This chapter exposes how an employer’s use of social media creates risks of discrimination based on class and social background. This includes risks of ‘social origin’ discrimination in Australian and South African law, risks of ‘family status’ discrimination in Canadian and New Zealand law, and risks of discrimination based on other protected attributes. The chapter examines three practices: (1) cybervetting; (2) job advertisement targeting; and (3) terminating an employee’s employment for social media posts.
This chapter unravels the concept of ‘social origin’ discrimination in conventions of the International Labour Organization (ILO). It analyses the reports of ILO supervisory bodies and preparatory works (travaux préparatoires) to aid the interpretation of convention text. It also analyses rules of statutory interpretation in Australia and South Africa to explain the relevance of ILO jurisprudence to interpreting ‘social origin’ in domestic legislation.
Through the lenses of comparative and critical rhetoric, this book theorizes how alternative approaches to communication can transform legal meanings and legal outcomes, infusing them with more inclusive participation, equity and justice.
Viewing legal language through a radical lens, the book sets aside longstanding norms that derive from White and Euro-centric approaches in order to re-situate legal methods as products of new rhetorical models that come from diasporic and non-Western cultures.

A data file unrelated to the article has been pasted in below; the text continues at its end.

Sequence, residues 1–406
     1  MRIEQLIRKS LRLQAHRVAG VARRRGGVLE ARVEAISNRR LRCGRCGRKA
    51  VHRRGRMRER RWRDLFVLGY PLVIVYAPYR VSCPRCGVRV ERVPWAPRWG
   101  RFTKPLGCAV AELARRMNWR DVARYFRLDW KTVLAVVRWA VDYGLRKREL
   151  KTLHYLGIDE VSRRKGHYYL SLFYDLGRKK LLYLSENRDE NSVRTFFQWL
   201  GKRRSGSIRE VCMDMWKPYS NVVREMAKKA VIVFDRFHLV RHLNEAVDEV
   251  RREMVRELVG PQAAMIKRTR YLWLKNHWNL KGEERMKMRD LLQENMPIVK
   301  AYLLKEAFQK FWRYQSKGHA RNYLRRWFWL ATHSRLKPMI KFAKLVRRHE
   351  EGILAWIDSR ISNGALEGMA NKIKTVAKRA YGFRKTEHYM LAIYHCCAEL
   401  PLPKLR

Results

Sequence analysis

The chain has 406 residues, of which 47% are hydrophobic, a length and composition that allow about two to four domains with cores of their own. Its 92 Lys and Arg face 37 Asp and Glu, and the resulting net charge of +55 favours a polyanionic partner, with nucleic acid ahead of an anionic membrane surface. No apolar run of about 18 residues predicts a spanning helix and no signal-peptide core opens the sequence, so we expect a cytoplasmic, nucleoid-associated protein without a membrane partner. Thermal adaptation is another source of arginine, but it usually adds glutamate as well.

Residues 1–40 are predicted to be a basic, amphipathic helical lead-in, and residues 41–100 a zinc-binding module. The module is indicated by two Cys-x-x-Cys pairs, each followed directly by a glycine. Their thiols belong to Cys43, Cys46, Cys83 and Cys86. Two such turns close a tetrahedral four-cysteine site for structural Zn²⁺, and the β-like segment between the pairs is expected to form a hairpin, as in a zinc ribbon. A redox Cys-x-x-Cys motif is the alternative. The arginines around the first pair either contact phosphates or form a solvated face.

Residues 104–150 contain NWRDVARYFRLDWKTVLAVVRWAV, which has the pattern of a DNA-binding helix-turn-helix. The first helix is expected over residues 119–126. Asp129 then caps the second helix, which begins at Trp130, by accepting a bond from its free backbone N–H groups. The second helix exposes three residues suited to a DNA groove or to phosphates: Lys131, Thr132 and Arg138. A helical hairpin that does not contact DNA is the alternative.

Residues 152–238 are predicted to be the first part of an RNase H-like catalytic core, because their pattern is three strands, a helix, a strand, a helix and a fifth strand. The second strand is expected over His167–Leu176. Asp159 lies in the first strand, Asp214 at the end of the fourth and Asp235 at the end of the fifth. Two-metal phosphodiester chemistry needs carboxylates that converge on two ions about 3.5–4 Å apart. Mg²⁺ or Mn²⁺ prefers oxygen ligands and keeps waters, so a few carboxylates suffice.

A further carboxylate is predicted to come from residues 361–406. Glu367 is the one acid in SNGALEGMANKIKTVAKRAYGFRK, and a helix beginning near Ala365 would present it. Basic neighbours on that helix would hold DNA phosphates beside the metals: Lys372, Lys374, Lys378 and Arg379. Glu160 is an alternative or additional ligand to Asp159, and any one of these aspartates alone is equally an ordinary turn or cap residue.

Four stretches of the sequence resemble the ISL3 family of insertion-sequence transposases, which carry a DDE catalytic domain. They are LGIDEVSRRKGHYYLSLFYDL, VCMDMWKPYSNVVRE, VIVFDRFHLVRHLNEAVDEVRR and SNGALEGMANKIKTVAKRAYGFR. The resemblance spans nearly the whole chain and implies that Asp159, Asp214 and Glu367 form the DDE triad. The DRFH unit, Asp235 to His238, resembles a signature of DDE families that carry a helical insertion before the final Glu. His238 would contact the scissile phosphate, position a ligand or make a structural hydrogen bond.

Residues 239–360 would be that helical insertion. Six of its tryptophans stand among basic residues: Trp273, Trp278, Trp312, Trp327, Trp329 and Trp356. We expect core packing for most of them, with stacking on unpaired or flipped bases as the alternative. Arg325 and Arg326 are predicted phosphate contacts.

The book urges readers to re-consider how they think about logic and rhetoric and to consider other ways of building knowledge that can heal the law’s current structures that often perpetuate and reinforce systems of privilege and power.
This chapter serves as a practicum for how Indigenous, African Diasporic, Asian Diasporic, and Latine rhetoric can be used to create legal discourse in opposition to that created by Western reasoning and analytic paradigms. Using examples from pleadings, memos, trial and appellate legal briefs, and judicial opinions in a variety of subject matter areas, it makes visible the operation of Western reasoning and analytic paradigms to illustrate the operation of inequalities. It then invites the reader to identify and practice using multicultural reasoning and analytic paradigms in a variety of ways.